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Miguel Juarez Celman


Miguel Juarez Celman was President of Argentina from 12 October 1886 to 6 August 1890. A lawyer and politician, his career was defined by the influence of his kinsman, Julio Argentino Roca, whom propelled him into a legislative career. He was a staunch promoter of separation of church and state and an aristocratic liberal.

As president of Argentina, he promoted public works, but was not capable of maintaining economic stability and had to contend with the powerful opposition of the Civic Union Party, and his leader Leandro N. Alem. After the Revolucion del Parque even though having defeated the uprising, he was forced to resign and retired from political life.

Youth

Juarez Celman was born and raised in Cordoba, where he studied under the Jesuits at the Colegio de Montserrat. He studied Law, becoming a lawyer in 1869. Thanks to his family connections, he came from an aristocratic family, he entered political life early. He was elected Representative just after obtaining his doctorate and from the provincial parliament he headed the movement to promote the secularization of education. Two years later he was elected to the Senate of Argetina and in 1877 became its president. He spent little time as president as after the death of Governor Climaco de la Pena, the new Government of Antonio Del Viso nominated him as Government Minister. His energetic work earned him the nomination and election as Governor of Cordoba on May 17, 1880

Governor

He was Governor Elect when there was an insurrection in Buenos Aires, led by Carlos Tejedor and Lisandro Olmos, opposed to the federalization of Buenos Aires. The federalization succeeded in 1880 and was followed by the establishment of state elementary education in the capitalArgentina 11516-1987 by David Rock - Chapter IV during the presidency of Julio A. Roca.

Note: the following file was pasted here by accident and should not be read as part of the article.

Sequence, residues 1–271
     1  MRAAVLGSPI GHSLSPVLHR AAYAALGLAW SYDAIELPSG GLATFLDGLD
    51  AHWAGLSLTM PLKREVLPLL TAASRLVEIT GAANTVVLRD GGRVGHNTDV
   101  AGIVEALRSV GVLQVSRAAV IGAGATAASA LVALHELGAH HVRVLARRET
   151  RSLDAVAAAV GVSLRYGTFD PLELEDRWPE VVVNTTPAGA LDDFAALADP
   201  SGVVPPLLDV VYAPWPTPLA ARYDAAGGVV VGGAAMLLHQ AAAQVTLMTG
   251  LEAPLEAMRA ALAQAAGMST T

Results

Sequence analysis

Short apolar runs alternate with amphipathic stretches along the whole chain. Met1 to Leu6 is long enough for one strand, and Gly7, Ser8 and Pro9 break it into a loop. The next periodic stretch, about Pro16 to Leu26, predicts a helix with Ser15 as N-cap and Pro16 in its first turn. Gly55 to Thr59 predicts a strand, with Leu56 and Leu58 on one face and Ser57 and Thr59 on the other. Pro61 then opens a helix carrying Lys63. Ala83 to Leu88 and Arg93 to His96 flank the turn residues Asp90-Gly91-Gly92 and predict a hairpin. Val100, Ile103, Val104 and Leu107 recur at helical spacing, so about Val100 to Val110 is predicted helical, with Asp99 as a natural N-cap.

President

Having become a national Senator in 1883 and becoming close to President Roca, he obtained his support in his bid to become candidate for president for the National Autonomist Party (PAN). He won the 1886 national election, not without accusations of fraud, which was not uncommon in the PAN. His Vice-President was Carlos Pellegrini, ex-War Minister under Roca, who had supported his candidacy from the pages of the Sud America newspaper.

Most observers expected Juarez Celman's administration to be a continuation of Roca's with the retired president managing from behind the scenes, but in a display of independence, he took control of the PAN with in a more authoritative form becoming what his opponents dubbed the unicato (one-man rule)Argentina 11516-1987 by David Rock - Chapter IV. This, combined with economic regression, led to the formation of the Civic Union, an opposition group that was later split into the National Civic Union and the Radical Civic Union, the latter being still important in Argentinian politics. In 1890, a revolution forced Celman to resign, and Vice-President Carlos Pellegrini, succeeded him.

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This article is licensed under the GNU Free Documentation License. It uses material from the Wikipedia article Miguel Juarez Celman


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